In the letter, he wrote that his patriotic songs, especially “Iran, The Home of Hope,” belonged to the year 1979 and had nothing to do with the current situation. At the time of the 1979 revolution, Shajarian and a group of prominent traditional Iranian musicians released a collection of songs, moved by the revolutionary atmosphere in the country at the the time.

The Proud Voice of “Dust and Trash”

At the threshold of the 2009 election and in its aftermath, Iranian state TV made extensive use of the works of Shajarian, especially “Iran, The Home of Hope” and his other songs with a patriotic theme. But Shajarian was unhappy about this move. When President Ahmadinejad called the protesters “dust and trash” after he was declared the winner of the presidential election, Shajarian told BBC in a telephone interview: “My voice is the voice of dust and trash and will always be the voice of dust of trash.” It was at that time that he asked IRIB to stop broadcasting his works. He also said that whenever he heard his voice on Iranian state TV and radio he trembled from head to toe.

It was from that time that the works of Shajarian began disappearing from state TV. He used to record a special prayer for the holy month of Ramadan and this recording had been broadcast every year, but from 2009 on IRIB stopped airing it. People protested, without results, and IRIB banned him from the airwaves completely.

In 2013, Hassan Rouhani used Shajarian’s name and works in his presidential campaign and played one of his songs on a campaign video that was broadcast by IRIB, but afterwards Iranian TV again banned  Shajarian from the airwaves. IRIB officials have repeatedly asked him to apologize for what he has said but Shajarian has refused to answer them.

After 2009 Shajarian did not even succeed in getting a permit to release an album until 2017 when, after returning from a visit to the United States for medical treatment, his album The Way of Love came out. The album was a collection of songs that Shajarian had performed in Europe in 1988 with the Aref Ensemble under the direction of Parviz Meshkatian.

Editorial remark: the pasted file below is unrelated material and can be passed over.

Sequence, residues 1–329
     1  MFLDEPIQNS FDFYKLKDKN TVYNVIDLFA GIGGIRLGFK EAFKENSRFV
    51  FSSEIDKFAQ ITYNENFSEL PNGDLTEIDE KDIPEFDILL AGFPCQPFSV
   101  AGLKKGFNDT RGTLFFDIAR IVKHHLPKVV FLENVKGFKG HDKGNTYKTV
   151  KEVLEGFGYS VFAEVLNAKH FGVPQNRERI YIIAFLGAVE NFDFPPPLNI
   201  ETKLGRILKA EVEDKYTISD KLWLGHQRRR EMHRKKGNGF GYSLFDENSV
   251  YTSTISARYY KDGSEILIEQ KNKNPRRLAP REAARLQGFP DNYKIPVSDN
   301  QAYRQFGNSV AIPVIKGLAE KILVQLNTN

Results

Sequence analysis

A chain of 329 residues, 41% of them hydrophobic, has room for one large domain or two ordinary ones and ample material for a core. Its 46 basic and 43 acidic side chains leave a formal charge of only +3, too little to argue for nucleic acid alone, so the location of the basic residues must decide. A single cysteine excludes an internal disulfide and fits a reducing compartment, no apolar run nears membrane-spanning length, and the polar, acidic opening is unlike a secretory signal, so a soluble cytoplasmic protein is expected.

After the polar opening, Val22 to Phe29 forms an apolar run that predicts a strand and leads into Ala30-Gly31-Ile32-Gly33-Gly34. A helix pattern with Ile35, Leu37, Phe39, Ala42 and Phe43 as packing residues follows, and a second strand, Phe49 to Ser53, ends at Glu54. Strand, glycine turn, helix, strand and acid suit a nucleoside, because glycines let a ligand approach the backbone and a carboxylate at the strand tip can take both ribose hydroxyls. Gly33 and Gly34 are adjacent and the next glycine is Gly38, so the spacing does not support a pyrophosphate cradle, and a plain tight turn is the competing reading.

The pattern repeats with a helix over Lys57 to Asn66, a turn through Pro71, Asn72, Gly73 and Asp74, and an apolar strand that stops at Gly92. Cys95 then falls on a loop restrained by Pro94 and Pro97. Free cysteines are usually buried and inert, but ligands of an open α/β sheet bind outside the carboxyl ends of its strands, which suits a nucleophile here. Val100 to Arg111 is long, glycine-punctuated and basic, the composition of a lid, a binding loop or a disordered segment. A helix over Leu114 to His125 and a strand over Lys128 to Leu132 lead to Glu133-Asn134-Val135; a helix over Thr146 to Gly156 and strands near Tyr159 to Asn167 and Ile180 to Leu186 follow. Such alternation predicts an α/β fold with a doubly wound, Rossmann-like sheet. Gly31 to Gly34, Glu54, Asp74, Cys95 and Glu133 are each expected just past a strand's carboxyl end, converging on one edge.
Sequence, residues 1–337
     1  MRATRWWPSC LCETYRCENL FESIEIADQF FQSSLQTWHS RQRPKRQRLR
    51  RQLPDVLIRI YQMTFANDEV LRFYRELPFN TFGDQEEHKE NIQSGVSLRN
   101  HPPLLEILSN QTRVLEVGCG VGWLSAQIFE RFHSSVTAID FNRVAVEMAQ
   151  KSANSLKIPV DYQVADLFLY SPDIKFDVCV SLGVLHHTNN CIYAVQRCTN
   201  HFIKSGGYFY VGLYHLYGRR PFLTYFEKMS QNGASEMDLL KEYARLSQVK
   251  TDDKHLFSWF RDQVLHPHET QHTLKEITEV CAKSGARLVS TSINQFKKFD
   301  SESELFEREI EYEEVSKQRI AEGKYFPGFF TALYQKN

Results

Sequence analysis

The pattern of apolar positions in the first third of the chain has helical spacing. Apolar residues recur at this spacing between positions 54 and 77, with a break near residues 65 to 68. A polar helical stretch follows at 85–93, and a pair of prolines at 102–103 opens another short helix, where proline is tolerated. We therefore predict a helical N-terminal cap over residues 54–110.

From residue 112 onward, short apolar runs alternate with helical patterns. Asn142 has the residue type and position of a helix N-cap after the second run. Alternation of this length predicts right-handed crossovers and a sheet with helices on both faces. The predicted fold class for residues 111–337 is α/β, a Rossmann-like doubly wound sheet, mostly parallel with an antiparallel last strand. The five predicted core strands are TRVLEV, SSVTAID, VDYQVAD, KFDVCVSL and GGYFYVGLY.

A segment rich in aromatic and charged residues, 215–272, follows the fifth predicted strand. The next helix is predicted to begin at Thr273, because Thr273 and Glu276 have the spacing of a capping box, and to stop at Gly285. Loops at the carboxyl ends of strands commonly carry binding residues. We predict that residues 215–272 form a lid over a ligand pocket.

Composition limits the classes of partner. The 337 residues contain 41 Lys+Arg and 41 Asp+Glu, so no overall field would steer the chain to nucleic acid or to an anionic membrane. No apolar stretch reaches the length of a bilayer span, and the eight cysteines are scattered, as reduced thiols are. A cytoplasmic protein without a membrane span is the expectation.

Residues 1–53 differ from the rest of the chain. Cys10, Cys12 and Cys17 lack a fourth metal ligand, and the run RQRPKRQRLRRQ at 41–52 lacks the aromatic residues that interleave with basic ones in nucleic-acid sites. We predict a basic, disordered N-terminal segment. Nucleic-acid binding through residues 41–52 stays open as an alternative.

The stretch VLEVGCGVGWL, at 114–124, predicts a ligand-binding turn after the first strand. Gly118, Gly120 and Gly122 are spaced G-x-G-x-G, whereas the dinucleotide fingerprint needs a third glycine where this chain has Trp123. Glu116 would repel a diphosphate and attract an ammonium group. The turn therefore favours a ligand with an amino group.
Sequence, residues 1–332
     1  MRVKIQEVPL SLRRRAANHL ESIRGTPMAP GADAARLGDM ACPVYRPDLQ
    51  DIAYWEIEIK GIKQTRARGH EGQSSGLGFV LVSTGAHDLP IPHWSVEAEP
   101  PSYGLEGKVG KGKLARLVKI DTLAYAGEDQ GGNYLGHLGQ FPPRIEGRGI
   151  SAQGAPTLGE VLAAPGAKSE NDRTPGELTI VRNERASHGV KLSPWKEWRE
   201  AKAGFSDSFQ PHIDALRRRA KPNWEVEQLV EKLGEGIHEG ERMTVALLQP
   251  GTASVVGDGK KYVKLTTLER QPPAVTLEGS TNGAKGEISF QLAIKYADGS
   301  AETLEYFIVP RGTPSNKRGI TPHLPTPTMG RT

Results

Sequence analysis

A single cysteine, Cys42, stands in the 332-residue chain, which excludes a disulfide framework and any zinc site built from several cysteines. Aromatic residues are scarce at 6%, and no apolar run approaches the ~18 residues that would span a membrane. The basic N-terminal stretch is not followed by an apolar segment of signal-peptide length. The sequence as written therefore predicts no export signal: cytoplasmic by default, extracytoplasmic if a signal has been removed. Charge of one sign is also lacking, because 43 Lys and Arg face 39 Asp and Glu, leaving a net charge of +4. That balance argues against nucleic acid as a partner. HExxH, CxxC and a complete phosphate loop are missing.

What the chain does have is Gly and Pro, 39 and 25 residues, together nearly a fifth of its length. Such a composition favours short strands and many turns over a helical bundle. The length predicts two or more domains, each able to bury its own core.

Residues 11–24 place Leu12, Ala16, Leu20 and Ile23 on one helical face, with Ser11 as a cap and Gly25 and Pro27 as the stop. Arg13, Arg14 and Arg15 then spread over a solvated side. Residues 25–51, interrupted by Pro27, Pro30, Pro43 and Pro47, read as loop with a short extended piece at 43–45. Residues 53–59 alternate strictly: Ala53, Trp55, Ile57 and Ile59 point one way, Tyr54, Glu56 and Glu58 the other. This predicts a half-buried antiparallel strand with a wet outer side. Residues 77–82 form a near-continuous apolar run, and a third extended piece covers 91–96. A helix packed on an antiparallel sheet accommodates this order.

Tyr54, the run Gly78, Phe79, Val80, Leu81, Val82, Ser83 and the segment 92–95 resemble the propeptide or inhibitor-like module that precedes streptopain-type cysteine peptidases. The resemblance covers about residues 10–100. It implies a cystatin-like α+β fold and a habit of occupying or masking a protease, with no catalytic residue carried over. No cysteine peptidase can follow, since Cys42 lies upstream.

However, Shajarian was unable to participate in the ceremony to celebrate the album’s unveiling and it fell to his son Homayoon to sing in the ceremony instead of his father. “Unfortunately he cannot leave home because of his physical condition,” his son told the audience. The same year his name was put on the honors list of Fajr Festival, which is held every year on the anniversary of the 1979 revolution, but Mohammad Reza Shajarian refused to accept this honor. People, however, have continued to honor him, from campaigns on social media to celebrate his birthdays to gathering outside the hospital to express their worries about his health.

Iran Wire

About Track Persia

Track PersiaTrack Persia is a Platform run by dedicated analysts who spend much of their time researching the Middle East, in due process we fall upon many indications of growing expansionary ambitions on the part of Iran in the MENA region and the wider Islamic world. These ambitions commonly increase tensions and undermine stability.